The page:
The majority must have in mind one of the foreign constitutions that pronounces such primacy for its constitutional court and allows that primacy to be exercised in contexts other than a lawsuit. See, e.g., Basic Law for the Federal Republic of Germany, Art. 93. The judicial power as Americans have understood it (and their English ancestors before them) is the power to adjudicate, with conclusive effect, disputed government claims (civil or criminal) against private persons, and disputed claims by private persons against the government or other private persons.

One senses not only Scalia’s disagreement with the majority on an issue of standing, but also, perhaps, his frustration that Justices were aware of global changes, and likely read the briefs discussing them, yet eschewed including a citation that marked such consideration. That 2d point has merit. Supporters of foreign-norm consultation no less than opponents ought to urge – in service of the values of transparency and reasoned judgment – that Justices who have looked to such norms write that they have done so.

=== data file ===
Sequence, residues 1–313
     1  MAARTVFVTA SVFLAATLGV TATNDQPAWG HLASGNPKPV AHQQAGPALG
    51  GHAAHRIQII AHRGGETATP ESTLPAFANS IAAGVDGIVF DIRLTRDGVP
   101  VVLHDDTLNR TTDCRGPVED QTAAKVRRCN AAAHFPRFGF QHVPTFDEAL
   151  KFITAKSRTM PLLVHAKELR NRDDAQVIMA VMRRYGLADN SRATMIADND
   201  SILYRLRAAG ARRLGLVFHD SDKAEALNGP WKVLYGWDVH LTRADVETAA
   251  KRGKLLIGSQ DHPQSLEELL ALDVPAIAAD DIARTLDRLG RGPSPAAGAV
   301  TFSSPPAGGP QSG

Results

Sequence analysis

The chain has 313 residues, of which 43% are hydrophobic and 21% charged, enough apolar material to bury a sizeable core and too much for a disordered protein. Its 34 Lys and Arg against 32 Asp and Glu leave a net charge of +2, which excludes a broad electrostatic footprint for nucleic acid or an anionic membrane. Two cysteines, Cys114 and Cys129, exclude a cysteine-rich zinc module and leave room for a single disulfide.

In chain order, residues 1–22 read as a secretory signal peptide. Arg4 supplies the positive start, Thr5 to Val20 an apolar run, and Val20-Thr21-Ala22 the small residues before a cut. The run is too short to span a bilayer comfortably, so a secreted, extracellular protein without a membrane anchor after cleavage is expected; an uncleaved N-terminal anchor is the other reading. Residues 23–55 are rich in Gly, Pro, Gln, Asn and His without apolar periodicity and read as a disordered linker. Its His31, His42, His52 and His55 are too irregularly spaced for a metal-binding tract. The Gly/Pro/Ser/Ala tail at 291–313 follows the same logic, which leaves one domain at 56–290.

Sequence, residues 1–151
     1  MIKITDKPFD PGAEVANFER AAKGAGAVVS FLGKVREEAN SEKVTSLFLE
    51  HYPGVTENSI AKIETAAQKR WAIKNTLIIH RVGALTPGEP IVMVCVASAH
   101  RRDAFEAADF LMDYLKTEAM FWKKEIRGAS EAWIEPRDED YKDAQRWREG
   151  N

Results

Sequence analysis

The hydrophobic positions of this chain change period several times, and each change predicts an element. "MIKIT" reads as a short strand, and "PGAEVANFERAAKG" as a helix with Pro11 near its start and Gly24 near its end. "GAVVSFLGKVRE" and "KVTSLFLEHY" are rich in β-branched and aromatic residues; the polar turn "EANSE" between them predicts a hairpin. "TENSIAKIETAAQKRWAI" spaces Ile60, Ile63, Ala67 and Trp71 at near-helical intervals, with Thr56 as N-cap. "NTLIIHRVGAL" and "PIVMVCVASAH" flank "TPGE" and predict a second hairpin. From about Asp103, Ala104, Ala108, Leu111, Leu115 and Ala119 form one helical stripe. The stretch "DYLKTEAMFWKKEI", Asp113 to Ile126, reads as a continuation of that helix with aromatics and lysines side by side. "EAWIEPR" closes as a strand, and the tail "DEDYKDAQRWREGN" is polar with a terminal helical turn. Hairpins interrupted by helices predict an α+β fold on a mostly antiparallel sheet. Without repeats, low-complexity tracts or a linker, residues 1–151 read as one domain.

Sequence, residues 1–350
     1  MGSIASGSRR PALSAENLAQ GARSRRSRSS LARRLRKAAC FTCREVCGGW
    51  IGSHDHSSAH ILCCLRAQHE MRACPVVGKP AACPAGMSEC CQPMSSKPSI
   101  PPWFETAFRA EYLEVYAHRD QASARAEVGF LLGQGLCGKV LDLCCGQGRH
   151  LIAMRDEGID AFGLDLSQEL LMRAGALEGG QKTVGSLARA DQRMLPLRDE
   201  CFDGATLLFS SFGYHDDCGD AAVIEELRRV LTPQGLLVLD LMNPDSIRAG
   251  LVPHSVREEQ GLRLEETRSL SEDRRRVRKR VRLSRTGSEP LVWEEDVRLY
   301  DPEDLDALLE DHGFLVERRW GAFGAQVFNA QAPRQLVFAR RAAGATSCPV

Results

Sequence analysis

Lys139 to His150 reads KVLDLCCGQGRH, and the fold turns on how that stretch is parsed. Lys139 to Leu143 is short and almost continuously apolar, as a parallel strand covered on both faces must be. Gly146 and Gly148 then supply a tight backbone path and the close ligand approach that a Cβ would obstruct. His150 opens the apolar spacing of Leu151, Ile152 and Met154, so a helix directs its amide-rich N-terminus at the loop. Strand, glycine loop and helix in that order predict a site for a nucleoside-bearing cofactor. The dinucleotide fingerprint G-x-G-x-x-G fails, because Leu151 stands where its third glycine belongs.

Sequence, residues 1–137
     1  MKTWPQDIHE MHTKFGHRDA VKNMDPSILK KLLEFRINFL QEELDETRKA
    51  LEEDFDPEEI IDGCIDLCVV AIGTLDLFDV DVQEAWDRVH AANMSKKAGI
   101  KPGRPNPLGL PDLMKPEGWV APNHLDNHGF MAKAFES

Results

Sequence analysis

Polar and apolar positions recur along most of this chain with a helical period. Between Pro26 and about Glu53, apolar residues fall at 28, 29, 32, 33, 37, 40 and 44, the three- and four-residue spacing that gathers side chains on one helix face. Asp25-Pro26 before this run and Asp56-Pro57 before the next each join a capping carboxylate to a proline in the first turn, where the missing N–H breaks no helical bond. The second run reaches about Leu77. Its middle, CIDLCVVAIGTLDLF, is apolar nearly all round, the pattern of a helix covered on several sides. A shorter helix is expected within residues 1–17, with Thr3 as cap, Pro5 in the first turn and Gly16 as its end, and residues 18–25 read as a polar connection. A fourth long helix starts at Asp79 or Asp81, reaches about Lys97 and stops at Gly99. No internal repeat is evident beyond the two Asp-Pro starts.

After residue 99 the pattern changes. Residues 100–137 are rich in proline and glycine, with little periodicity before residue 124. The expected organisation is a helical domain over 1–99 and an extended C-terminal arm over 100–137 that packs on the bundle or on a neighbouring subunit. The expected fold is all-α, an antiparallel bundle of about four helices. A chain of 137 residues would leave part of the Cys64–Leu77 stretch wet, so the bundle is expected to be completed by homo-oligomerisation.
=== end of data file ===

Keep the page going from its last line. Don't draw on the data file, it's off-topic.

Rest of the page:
authEmphasis on children marks the Supreme Court opinion invalidating a U.S. law that had defined “marriage” as the union of a man and a woman, and so denied federal benefits to a widow in same-sex marriages that had been recognized by the state of New York. (photo credit)

The harm to such spouses of course was a concern. Citing his 2003 opinion in Lawrence v. Texas, Justice Anthony M. Kennedy wrote in his opinion for the Court:

‘The differentiation demeans the couple, whose moral and sexual choices the Constitution protects, and whose relationship the State has sought to dignify.’

He continued:

‘And it humiliates tens of thousands of children now being raised by same-sex couples. The law in question makes it even more difficult for the children to understand the integrity and closeness of their own family and its concord with other families in their community and in their daily lives.’